March 10th, 1987
Returning to Britain was a mistake, Remus wrote in his letter to Peter that evening. I thought it was what I needed after last year’s disaster, but to be honest being back here makes it hard to breathe. Everything, all of it makes my skin crawl. The air, the rain, the people. And you’re not here.
Sharing a drink with Arthur Weasley had been the only bright spot. The man had cleared his schedule to meet him and for a few hours, life had been almost bearable.
He invited me to his home, Remus wrote, as I knew he would, but – The man has a family. His youngest children are Harry’s age. I’m nobody’s prodigal son.
Arthur had been hurt by his refusal, yet he had rallied and told Remus about a rumour that had come to the Ministry’s ears recently. “Something that resembles a Valkore reported as sighted on four different Shetland islands. No one is inclined to believe the locals yet - they don’t swim, after all - so whoever goes to suss things out will reap all the risks and benefits.”
It was the perfect gift, Remus wrote, the perfect excuse to set out once more. And, hard as it was to believe that Arthur had somehow wrangled it, for the first time in years Remus would be working under an actual contract.
March 10th, 1997
“Food, c’mon, Remus, you need it!” Remus blinked at Tonks as she reached for the cakes and sandwiches that Molly Weasley had sent.
He’d been all set to get drunk and write a letter, this time for the first time to a deserving recipient. But Tonks had found her way to his small hutt before breakfast with a bottle she had liberated from Orion Black’s stashes. She must have had hundreds of other, better things to do - Remus had things he ought to be doing -
The war was ploughing on and the Order was waltzing through Grimmauld Place as if its members had forgotten about Sirius already. Tonks – “if you must, call me Dora” - hadn’t insulted him by holding back to keep an eye on him, had matched him drink for drink.
The mousy brown hair - Remus had learned it was Ted Tonks’ Muggle mother’s hair colour - had begun sprouting a distinct gold shimmering strand like the streak of light she had somehow brought to his home.
Dora was not her mother who had loved Sirius, but she was -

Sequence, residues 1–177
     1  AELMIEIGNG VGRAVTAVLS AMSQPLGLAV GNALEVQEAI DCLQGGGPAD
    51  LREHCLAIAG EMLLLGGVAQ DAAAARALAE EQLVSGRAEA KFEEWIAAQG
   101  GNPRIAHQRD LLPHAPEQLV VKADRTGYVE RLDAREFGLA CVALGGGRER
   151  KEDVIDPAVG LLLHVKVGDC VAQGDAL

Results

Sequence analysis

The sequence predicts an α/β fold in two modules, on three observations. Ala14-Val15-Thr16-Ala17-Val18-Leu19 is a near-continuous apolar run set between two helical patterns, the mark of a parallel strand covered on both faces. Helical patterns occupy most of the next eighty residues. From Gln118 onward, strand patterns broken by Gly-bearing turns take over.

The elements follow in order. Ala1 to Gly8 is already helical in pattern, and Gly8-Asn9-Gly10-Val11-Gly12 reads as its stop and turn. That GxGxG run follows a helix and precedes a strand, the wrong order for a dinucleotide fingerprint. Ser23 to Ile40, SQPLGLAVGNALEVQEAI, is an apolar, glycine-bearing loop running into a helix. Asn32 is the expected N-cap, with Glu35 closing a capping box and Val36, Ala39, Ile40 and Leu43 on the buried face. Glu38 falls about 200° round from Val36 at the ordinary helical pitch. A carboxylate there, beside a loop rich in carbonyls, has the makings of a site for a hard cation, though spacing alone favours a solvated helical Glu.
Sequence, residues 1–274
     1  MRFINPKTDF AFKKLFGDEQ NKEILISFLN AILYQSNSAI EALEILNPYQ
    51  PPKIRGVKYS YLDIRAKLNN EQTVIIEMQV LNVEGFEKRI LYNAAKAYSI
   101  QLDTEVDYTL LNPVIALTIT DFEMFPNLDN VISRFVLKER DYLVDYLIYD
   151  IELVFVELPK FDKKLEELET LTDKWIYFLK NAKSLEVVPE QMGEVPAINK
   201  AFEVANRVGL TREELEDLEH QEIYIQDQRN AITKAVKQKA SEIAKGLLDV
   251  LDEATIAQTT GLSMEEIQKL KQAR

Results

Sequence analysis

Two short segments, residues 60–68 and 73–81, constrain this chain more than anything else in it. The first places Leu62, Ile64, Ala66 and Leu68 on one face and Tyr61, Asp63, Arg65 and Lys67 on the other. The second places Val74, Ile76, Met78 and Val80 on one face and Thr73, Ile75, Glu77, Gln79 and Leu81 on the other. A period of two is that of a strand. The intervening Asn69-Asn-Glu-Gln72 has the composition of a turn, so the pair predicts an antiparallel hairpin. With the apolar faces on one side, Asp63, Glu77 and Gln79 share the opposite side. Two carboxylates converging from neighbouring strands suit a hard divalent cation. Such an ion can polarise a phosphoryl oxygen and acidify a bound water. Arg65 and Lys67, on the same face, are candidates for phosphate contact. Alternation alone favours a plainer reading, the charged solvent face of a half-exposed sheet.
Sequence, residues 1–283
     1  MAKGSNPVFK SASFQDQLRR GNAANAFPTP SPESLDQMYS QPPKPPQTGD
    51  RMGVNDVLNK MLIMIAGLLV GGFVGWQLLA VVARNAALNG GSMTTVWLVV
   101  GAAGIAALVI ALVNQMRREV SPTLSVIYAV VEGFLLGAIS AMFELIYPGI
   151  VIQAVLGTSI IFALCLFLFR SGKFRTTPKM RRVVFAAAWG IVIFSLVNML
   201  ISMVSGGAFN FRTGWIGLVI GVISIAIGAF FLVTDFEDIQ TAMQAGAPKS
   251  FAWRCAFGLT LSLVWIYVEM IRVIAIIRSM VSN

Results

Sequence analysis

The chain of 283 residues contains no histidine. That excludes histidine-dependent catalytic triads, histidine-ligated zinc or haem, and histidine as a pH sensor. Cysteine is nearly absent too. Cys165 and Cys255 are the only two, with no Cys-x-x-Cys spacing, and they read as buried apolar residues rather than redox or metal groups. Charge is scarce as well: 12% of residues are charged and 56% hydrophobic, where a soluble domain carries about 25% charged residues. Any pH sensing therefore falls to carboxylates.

He had told her about his time in Czechoslowakia and she’d spoken of her pre-war exploits. She was such a fine Auror -
Her tale about a chase though Muggle Edinburgh had even twice made him burst into laughter -
And she hadn’t made eyes at him or demanded anything he couldn’t give all day -
“A’right,” he said, no longer fighting a smile as he accepted the plate.
March 10th, 2007
Remus studied Andromeda through the steam rising from his cup as he sipped his tea. It had been some time since he’d really looked at her. It had been some time since she’d made an appointment for tea with just the two of them.
She looked her age, something he suspected Narcissa only did in her most unguarded moments, yet – healthy. The lines of sadness would likely never entirely leave her, but she no longer seemed weighed down by grief. “It’s good to see you well,” he said and meant it.
Andromeda smiled self-depreciatingly. “Did you know Harry is trying to find me a man?” she huffed. “Trying to get Teddy in on it, too.”
“He means well,” Remus sighed, hesitated, but then added: “He is scouting for a witch to set me up with, too.”
She looked at him over the rims of her glasses. Remus stared back, giving her that, appreciating that here she was, happy not to ask too many questions as long as her grandson was fine.
He’d never been the best son-in-law, and he could not include her in the plans he had with his family this afternoon, but he didn’t want her to be lonely. Not for the first time, he wished that she and Augusta could be friends, but as unfair as it was, her face’s resemblance to Bellatrix’ was such that it would always stand between them. Which left him with:
“Here’s to finding someone without Potter interference,” he offered, and they drank to it.
March 10th, 2017
Remus drew his eyes away from the small stage as Nahuel’s meander through the crowd came to a halt by his corner. “I’m fine,” he said in response to his friend’s questioning glance. “Though thank you for not putting me up there.”
They had done everything they could to make Remus’ attendance possible, a task that had been made easier by the fact that there was already a rotation to take over Remus’ classes during the full moon – but then said full moon had struck hard and Remus had barely managed to drag himself here.
“Port key travel strain,” Nahuel murmured. “Has to be. Our climate usually agrees with your transformation.”
Remus nodded tiredly in agreement and turned his attention back to where ‘Anselme Aguilar’ was answering questions. The assembled witches and wizards had, to Remus’ chagrin and relief, politely ignored his presence so far, even though Remus knew there were at least three who had a specific interest in his chapters of Caves.
‘Anselme’ cast a half-amazed glance in Remus’ direction when his recent answer drew applause. Remus grinned at him; he could practically hear what Severus would say right now: ‘They clapped, they listened, they asked intelligent questions. Mostly intelligent. Far more intelligent than I expected, in any case.’
Perhaps it was not such a bad thing that Remus’ health had held him back if it meant Severus could enjoy a few hours in the limelight.
“Do you think you’ll be able to join in tomorrow?” Nahuel asked.
Between now and then there were hours of sleep. Not to mention, Argentina had always been good to him. Remus inclined his head. “Tomorrow.”